Rough weather can often be a nightmare for air travelers and airline operators. Weather related incidents cause upsets to airline schedules, cost money, and undermine passenger confidence in addition to causing injuries. According to the FAA, in-flight turbulence causes more injuries in the air than anything else. It is not uncommon for aircraft to encounter significant convective weather activity during flight.
Conventional Weather Radar Systems
Conventional onboard weather radar systems send out a beam in front of the aircraft and receive a signal that bounces back off of objects (i.e. water droplets in clouds) in the sky. Pilots have a tilt knob used to adjust the beam of the radar up or down, but the pilot can only see one slice of the sky at once. Pilot proficiency with the weather radar system requires comprehensive training and years of experience. Operationally, it also requires the pilot to expend a great deal of effort to work the radar control knobs to create a mental model of the 3D weather at a time when the pilot may be better served attending to other pilot duties. In addition to the human factors issues of relying on the pilot to work the knobs and create a mental picture of the weather, there are technical limitations with conventional radar systems -- the legacy systems have performance issues at longer ranges and with bigger storms due to attenuation of the radar signal.
IntuVue™: Clean Sheet Design
Honeywell created IntuVue as the first clean sheet onboard weather radar design delivered in the market in 40 years and it provides the pilots a more complete view of the weather. The system uses radar pulse compression and 3D volumetric scanning to create a new 3D weather radar system with enhanced weather detection, improved pilot usability and reduced operator costs. The radar pulse compression technology helps increase range and resolution. Additionally, the 3D volumetric scanning function creates a 3D database. The processor can analyze this database for hazards. All of this helps paint the weather picture for the pilot automatically - from the ground to 60,000 feet. In fact, the system can store weather data from 2 million cubic feet of airspace in front of the aircraft out to 320 nautical miles!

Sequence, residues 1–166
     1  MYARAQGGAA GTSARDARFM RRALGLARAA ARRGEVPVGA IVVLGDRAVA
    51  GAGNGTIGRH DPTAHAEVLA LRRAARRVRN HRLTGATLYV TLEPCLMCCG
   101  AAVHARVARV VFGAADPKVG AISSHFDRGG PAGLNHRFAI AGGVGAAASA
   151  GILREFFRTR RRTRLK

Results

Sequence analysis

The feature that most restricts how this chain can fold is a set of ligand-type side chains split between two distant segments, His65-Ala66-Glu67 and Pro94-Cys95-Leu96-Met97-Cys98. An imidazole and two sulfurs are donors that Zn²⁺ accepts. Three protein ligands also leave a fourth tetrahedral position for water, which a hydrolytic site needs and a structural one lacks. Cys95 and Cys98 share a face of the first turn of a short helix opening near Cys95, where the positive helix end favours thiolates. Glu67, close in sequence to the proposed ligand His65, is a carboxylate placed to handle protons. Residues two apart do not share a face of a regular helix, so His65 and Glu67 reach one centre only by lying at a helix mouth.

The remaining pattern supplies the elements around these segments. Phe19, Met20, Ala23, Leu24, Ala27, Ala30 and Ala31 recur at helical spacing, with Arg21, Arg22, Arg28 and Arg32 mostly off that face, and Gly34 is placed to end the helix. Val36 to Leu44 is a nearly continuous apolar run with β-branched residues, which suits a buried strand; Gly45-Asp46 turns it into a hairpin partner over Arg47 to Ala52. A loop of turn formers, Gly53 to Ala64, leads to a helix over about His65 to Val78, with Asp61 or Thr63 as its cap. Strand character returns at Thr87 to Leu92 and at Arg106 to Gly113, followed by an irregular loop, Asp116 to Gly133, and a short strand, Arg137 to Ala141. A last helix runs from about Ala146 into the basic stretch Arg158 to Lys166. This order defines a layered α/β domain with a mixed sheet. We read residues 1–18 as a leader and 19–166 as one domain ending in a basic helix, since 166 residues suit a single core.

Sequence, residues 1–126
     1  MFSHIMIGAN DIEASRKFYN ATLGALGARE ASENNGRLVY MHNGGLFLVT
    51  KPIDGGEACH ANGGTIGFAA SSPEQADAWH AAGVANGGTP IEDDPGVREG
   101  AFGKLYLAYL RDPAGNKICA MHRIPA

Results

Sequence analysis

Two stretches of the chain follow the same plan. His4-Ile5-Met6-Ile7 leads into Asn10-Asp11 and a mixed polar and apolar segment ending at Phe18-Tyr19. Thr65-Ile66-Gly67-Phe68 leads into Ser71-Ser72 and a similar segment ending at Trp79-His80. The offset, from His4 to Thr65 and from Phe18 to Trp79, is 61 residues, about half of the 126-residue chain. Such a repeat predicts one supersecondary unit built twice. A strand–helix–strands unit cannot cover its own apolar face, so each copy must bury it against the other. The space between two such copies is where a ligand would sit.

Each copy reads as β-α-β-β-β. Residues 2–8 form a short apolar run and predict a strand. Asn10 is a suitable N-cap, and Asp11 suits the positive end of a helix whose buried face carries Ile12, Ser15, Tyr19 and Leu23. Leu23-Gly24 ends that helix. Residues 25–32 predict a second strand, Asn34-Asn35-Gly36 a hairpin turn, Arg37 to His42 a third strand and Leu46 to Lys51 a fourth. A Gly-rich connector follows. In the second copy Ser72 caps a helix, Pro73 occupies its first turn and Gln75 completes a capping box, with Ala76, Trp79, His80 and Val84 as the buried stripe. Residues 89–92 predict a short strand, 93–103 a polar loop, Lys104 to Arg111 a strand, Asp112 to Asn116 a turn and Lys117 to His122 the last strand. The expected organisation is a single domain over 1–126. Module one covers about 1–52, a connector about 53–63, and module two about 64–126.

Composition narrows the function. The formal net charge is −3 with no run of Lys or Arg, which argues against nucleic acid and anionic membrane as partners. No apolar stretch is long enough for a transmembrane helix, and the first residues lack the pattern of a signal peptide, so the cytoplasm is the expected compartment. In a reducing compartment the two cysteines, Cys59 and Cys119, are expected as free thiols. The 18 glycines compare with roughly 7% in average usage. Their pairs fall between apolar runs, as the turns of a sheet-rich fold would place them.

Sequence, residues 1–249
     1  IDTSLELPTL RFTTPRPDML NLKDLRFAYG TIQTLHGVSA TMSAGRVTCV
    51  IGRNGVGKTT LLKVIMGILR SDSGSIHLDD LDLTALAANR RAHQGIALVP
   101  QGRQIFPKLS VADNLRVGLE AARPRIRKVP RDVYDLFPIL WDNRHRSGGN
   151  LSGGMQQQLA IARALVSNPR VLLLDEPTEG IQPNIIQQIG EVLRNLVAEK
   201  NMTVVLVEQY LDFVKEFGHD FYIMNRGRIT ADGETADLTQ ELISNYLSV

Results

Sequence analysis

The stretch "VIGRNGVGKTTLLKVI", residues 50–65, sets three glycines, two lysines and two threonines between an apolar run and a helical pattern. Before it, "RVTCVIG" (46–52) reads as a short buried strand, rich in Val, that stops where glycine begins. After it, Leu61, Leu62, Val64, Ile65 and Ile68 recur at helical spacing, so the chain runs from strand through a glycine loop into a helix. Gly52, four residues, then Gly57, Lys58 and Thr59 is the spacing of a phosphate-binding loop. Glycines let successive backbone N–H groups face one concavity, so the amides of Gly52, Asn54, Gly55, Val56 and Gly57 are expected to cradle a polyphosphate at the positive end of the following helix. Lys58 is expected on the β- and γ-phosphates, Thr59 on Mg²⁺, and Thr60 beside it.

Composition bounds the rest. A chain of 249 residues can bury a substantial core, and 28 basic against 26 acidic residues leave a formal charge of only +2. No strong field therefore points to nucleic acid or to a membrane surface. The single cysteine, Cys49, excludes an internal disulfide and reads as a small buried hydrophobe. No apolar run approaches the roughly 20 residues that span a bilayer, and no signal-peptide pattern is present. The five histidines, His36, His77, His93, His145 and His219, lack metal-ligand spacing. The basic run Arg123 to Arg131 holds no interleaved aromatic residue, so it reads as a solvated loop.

Designed to be fully automatic, IntuVue does not require manual adjustment to system antenna for operation. As a result of its intuitive and easy operation, it reduces pilot workload and provides more time for the pilot to focus on detection and analysis rather than physically manipulating the radar controls. With IntuVue, the pilots now get an optional vertical profile display of the weather in addition to the traditional top-down lateral view. In addition, IntuVue’s new technology translates to helping the pilots instantly see if there is any turbulence, lightning or hail along the flightplan by providing an easy to interpret color coded display with graphical icons. In the future (with a software upgrade), IntuVue technology may also help pilots better detect and/or infer presence of ice crystals which have been identified in some incidents as a contributor to jet engine power loss at high altitudes.
IntuVue weather radar is available now on many commercial (e.g., A380, B777), business jet (e.g., G650, Falcon 7X) and military platforms (e.g., C-17) and the list is growing quickly with additional certifications pending. If you are lucky enough to catch a flight on any of these birds that are equipped with IntuVue, rest assured that your pilots are empowered with a fantastic situation awareness system that helps them spot turbulence earlier and maximize passenger comfort and safety (and reduce fuel costs). But do yourself and your family a favor, from the time the airplane pushes back from the gate until the time it arrives, obey the illuminated fasten seatbelt sign and keep yourself seated and buckled. And don’t forget to watch your head when those overhead bins are opened; the most common cause of head injury on planes is when objects fall from the overhead bins!